Trankov and Volosozhar withstand early mistake

Russians lead Canadians despite fluky fall

Tatiana Volosozhar and Maxim Trankov are in front after the short program in Paris.
Tatiana Volosozhar and Maxim Trankov are in front after the short program in Paris. (Getty Images)


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By Jean-Christophe Berlot, special to
(11/18/2011) - Tatiana Volosozhar and Maxim Trankov announced to right after their striking victory at Skate Canada: "Each performance must be better than the previous one, as the season goes."

They did not quite achieve that ambition Friday in the pairs short program, but they managed to win the short program at 2011 Trophée Eric Bompard by more than 2.6 points over Meagan Duhamel and Eric Radford of Canada. Vera Barazova and Yuri Larionov, also from Russia, sit in third heading into Saturday's free program. Amanda Evora and Mark Ladwig came in fourth, only 1.37 points off the podium.

Volosozhar and Trankov's program was dramatic and intricate. The emotion was palpable in the Bercy arena throughout their program, which they skated to Evanescence's "Bring Me Back to Life."

In fact, this is exactly what happened during their program. Their opening triple twist was impressive. After landing, however, Volosozhar's hand got trapped in her shirt, and she fell. Trankov did grab her by the arm quickly and brought her back to her feet.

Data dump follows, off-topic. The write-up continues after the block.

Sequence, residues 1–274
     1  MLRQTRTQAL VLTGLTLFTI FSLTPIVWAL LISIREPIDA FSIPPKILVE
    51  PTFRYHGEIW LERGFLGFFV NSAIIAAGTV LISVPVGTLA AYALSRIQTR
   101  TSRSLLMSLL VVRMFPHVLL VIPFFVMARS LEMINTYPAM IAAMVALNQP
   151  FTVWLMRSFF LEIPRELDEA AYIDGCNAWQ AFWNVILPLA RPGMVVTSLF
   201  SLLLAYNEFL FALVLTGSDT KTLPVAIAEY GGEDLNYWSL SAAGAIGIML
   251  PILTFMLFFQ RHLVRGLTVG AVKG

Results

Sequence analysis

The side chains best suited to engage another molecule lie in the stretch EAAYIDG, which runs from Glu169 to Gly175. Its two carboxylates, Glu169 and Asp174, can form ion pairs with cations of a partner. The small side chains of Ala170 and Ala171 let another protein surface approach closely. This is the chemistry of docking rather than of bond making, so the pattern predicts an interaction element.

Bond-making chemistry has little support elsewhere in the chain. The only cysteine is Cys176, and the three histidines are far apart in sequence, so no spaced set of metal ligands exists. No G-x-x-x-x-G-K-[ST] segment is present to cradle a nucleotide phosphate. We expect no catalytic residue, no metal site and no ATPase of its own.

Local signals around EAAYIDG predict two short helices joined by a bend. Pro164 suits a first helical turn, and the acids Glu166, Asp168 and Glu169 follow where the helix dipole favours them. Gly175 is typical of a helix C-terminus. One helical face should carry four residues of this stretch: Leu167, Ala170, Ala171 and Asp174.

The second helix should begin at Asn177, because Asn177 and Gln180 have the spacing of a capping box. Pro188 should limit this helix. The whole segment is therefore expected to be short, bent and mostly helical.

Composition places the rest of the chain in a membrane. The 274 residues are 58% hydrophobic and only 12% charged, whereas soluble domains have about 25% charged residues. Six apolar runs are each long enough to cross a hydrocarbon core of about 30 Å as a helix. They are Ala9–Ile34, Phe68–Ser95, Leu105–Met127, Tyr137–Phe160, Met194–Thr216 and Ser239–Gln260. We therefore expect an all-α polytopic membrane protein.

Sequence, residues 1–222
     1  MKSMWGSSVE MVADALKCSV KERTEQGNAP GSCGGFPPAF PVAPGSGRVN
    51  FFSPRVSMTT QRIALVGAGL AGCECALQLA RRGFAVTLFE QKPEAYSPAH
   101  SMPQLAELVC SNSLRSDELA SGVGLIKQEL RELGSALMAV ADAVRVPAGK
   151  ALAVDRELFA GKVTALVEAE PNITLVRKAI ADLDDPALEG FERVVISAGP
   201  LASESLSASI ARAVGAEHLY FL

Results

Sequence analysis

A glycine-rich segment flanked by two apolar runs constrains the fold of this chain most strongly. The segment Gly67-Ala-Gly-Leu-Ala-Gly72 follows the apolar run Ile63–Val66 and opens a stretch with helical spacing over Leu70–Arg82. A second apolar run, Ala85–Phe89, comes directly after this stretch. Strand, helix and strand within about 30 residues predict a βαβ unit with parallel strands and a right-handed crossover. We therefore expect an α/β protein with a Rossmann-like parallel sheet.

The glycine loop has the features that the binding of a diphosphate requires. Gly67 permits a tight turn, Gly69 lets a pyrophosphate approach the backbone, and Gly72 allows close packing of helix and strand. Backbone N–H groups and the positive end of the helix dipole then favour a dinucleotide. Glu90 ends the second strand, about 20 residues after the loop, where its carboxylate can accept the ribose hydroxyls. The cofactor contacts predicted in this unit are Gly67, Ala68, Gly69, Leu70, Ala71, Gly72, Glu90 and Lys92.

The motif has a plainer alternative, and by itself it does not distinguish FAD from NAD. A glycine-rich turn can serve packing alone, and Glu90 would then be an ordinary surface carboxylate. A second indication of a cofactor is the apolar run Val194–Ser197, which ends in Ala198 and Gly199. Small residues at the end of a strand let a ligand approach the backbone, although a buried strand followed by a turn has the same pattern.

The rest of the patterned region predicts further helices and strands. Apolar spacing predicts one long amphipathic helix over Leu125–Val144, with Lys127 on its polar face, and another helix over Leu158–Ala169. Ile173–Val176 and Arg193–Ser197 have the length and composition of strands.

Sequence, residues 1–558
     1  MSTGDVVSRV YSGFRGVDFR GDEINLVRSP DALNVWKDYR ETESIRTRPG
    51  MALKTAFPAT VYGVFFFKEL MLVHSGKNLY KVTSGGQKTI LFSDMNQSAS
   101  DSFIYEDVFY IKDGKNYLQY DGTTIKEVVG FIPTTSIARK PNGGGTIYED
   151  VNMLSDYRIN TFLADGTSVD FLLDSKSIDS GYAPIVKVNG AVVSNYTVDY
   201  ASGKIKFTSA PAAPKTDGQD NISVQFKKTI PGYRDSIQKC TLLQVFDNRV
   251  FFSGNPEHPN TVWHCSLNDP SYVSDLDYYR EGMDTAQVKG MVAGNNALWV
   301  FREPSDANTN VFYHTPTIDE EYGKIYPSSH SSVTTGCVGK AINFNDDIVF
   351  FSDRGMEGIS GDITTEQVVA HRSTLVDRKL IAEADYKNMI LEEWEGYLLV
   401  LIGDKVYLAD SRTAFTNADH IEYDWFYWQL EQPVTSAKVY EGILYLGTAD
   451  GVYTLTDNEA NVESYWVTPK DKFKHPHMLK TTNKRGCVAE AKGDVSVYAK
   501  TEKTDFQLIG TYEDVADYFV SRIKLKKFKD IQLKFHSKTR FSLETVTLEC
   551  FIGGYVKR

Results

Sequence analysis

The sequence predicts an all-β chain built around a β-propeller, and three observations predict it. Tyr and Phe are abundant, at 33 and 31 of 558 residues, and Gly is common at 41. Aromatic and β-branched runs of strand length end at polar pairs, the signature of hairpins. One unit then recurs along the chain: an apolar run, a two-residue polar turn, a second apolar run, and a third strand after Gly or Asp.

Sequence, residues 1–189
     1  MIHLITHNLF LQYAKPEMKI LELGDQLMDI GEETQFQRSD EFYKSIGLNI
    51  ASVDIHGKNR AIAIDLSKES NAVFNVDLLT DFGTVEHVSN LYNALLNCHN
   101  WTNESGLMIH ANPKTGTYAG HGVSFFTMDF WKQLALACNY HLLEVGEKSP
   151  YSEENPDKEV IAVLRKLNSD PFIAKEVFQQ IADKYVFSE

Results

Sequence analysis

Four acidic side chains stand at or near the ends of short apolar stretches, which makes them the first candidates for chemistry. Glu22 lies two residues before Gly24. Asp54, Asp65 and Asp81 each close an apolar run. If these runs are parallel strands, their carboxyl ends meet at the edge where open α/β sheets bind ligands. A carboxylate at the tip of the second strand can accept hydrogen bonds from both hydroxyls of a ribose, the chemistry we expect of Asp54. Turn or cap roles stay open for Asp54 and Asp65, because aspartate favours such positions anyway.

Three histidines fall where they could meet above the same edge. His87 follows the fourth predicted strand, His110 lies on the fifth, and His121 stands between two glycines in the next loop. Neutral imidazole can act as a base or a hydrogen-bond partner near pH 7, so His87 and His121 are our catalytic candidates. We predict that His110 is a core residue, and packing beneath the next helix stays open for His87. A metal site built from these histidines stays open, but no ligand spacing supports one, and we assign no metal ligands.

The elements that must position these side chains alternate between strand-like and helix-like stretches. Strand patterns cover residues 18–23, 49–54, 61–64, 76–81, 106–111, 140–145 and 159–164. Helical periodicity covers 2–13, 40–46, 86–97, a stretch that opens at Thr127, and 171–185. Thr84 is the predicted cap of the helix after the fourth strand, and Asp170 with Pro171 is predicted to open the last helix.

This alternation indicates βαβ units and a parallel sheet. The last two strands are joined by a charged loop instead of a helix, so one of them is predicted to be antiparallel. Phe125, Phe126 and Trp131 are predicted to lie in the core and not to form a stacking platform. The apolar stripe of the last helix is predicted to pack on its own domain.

The rest of their program was more or less perfect.

"These competitions are just too boring," Trankov offered afterward, jokingly. "Seriously, some things happen. We were in shock because of what happened."

Their lift and spin were praised by the judging panel, which awarded Level 4 for each. They scored 63.69 points overall.

Volosozhar and Trankov dramatically improved their expression, an area neither had particularly worked on before.

"We are not so disappointed, but now we are not so far ahead, and we have to fight tomorrow!" Trankov said.

Duhamel and Radford offered a beautiful program. Not only did they skate it clean, with Level 4s for their death spiral, spin, step sequence and lift, but they also offered one of the most interesting and meaningful programs of the afternoon.

"We were extremely nervous before taking the ice," Duhamel said. "We really want to qualify for the Grand Prix Final this year, as it is held only two hours away from where we live."

Bazarova and Larionov, the second Russian pair, skated to an arrangement of Puccini's Tosca.

"Our performance was quite good, and we tried to express the music," Larionov said. "We are trying hard to work on that aspect now."

Skating their short program to George Gershwin's "The Man I Love," Evora and Ladwig opened with a strong triple twist. Evora fell on their side-by-side triple toes, but their program was otherwise flawless. Their throw triple loop was huge and added a lot to their classy posture on the ice.

"We had a great crowd and had a great performance tonight, so we're happy," Ladwig said." Also, we have worked a lot on the connection between us to tell the story, and I think that showed tonight."